Quantum computing has been hailed as the next big thing in computing, with the potential to revolutionize many fields, including cryptography, drug discovery, and optimization problems.
And over the last decade, we’ve seen major progress in increasing the number of qubits, the basic building blocks of quantum computers.
But Quantum computers, despite their many promises, are not yet a mature technology. The error rate of qubit and inter-qubit operations is too high to allow today’s devices to be useful. In essence, what we have today is actually an engineering prototype of a quantum computer – useful only for physicists and engineers to learn how to build better quantum computers.
Over the last decade, we have made significant progress in increasing the number of qubits in quantum computers. However, despite these advances, quantum computers have experienced an error rate of around 0.25% per operation in the same time period. Even in Google’s “quantum supremacy” results from 2019, 99.8% of the results are noise. Experiments must be run 30,000,000 times to gather enough statistics to prove the results claimed. At such an error rate, even 100 qubits are unusable.
To build fault-tolerant quantum computers that can perform useful computations, the error rate must be reduced by at least an order of magnitude. This is a significant challenge, as errors can arise from a variety of sources, including qubit noise, control electronics and environmental factors.
One approach to reducing error rates is to use error correcting codes, which can detect and correct errors as they arise. However, these codes require a large number of qubits to be effective, which means reducing the error rate is still a critical challenge.
Ultimately, to scale quantum computers, we need to target fault-tolerant quantum computers, which would require hundreds of thousands of qubits to be effective. However, before we can achieve this, we must first reduce the error rate by at least an order of magnitude.
The reason we can’t reduce our error rate is because qubits are like snowflakes – each one is a little different (or their environment and/or control paths are a little different). To obtain a low error rate, we must measure dozens of parameters per qubit per operation and characterize in detail how much noise affects the qubit’s operation. This will allow us to understand in depth what is the root cause of the remaining errors.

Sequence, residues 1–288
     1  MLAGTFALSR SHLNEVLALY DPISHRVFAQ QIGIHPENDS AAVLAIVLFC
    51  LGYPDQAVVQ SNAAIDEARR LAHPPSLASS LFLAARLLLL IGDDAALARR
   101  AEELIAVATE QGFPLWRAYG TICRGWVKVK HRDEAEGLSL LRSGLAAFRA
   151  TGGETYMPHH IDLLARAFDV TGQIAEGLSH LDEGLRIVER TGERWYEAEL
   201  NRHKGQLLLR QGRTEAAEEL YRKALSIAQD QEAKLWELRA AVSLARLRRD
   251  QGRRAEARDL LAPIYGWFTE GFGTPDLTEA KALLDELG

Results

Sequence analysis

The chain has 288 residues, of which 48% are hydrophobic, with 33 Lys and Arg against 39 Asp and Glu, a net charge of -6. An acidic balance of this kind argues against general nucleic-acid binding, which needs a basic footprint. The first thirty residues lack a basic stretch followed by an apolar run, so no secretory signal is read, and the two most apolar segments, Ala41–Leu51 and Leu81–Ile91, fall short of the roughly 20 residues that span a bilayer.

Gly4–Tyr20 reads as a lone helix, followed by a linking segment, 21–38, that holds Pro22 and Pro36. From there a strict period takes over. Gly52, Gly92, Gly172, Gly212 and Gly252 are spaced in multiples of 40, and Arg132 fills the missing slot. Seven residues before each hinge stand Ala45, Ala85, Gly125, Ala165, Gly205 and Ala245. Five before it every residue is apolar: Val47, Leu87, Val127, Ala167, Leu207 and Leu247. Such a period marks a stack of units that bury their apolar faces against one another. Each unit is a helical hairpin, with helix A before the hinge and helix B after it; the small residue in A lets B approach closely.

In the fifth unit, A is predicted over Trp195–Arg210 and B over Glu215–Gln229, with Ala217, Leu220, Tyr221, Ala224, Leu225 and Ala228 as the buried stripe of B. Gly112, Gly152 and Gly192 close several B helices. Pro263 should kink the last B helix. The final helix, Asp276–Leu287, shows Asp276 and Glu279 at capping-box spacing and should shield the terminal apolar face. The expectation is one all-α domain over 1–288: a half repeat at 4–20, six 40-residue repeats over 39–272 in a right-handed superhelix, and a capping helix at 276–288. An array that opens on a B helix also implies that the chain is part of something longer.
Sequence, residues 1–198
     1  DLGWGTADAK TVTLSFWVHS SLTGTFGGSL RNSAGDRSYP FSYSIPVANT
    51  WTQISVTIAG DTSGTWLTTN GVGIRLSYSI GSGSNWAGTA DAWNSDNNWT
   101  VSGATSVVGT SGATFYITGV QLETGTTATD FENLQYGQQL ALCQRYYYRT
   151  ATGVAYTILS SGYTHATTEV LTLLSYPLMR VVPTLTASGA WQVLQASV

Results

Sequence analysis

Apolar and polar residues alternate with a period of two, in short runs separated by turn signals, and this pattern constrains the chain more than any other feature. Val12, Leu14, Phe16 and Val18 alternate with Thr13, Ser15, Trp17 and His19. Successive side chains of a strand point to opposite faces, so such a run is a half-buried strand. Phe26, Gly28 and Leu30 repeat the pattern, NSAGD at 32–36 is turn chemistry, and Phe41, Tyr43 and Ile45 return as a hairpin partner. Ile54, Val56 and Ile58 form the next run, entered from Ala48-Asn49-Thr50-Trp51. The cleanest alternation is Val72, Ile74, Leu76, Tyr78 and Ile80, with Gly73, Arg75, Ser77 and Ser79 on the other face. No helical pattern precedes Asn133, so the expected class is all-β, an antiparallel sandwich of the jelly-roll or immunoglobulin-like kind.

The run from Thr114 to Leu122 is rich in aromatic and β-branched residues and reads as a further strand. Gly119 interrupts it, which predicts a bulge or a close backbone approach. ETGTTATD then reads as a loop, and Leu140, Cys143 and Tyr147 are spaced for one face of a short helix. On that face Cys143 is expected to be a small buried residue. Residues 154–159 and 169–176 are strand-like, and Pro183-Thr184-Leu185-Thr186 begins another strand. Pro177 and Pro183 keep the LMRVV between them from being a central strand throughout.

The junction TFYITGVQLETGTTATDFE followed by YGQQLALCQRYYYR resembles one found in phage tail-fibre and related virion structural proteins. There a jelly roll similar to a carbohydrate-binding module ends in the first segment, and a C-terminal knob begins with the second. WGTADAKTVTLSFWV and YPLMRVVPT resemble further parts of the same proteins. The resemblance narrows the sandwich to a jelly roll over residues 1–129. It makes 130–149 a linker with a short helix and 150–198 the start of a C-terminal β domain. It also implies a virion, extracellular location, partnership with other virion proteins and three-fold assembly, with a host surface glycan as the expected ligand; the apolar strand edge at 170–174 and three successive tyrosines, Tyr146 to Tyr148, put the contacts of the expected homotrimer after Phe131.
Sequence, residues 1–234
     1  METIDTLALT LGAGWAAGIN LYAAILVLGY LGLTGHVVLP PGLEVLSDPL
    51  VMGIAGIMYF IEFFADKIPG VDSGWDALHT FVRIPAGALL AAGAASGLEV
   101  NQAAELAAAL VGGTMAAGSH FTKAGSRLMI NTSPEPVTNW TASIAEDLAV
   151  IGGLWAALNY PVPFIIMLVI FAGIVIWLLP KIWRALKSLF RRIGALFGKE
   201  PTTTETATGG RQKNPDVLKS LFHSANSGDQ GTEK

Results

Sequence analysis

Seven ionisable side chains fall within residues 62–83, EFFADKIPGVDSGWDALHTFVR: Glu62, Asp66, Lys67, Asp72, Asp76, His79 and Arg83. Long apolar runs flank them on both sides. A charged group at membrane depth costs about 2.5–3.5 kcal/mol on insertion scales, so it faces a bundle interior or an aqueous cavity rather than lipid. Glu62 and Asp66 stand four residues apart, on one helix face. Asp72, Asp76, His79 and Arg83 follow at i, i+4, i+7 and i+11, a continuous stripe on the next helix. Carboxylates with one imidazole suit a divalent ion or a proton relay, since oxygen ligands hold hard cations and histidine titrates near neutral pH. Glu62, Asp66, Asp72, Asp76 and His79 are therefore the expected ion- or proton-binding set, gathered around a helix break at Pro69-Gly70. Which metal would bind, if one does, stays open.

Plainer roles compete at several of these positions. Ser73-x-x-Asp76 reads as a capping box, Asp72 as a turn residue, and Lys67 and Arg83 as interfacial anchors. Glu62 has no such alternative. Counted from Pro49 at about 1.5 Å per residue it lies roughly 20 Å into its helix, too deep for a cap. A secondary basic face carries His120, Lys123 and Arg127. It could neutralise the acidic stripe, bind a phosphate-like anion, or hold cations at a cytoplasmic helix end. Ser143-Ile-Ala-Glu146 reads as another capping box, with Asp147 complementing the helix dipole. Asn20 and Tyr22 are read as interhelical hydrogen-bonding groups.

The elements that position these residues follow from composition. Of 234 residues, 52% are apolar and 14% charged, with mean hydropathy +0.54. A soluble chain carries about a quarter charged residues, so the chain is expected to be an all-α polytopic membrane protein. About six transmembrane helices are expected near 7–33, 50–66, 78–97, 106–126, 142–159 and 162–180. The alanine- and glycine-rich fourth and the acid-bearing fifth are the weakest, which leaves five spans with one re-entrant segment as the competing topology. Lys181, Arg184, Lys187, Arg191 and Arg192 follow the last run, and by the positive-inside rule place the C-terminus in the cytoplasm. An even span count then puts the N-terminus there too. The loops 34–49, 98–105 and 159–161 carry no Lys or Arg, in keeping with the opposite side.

Unfortunately, it requires a large number of highly qualified people to execute. That’s too much work – even for very large companies like IBM and Google, let alone smaller startups or academic labs.
A LIGHT BALL DOESN’T COME FROM CONTINUOUS CANDLE REPAIR… (Oren Harari)
The solution to this problem is the ML physicist. ML assistants will permeate most areas of human endeavor over the next decade, and experimental physics is no exception. And ML physicists can help us make rapid progress in reducing error rates in quantum computers.
ML Physicist is a narrow AI specifically designed to work alongside human physicists in development laboratories. By doing the drudgery of measuring parameters and analyzing data, it frees up human physicists to focus on higher-level tasks, such as tackling key problems in the next hardware iteration. This allowed for faster upgrades and eventually led to the development of useful quantum computers.
ML physicists use machine learning algorithms to identify patterns in data that human physicists might not immediately see. By providing new insights and perspectives, it can help guide human physicist efforts towards the most important areas of development. This collaboration between humans and AI can lead to breakthroughs that might not be possible with either alone.
Overall, ML Physicist is a powerful tool for accelerating the development of quantum computers. By automating certain tasks and providing new insights, it can help optimize the efforts of human physicists and ultimately lead to the creation of more useful and practical quantum computing systems.
In conclusion, machine learning is a necessary tool to scale quantum computers. We’ve made great progress in increasing the number of qubits over the last decade, but commensurate improvements in error rates have been lacking, due to the complexity of the devices in question. ML physicists can accelerate progress on this problem. And as ML technology continues to evolve, it is likely to play an increasingly important role in the development of useful quantum computers.
Shai Machnes is the CEO and co-founder of Qruise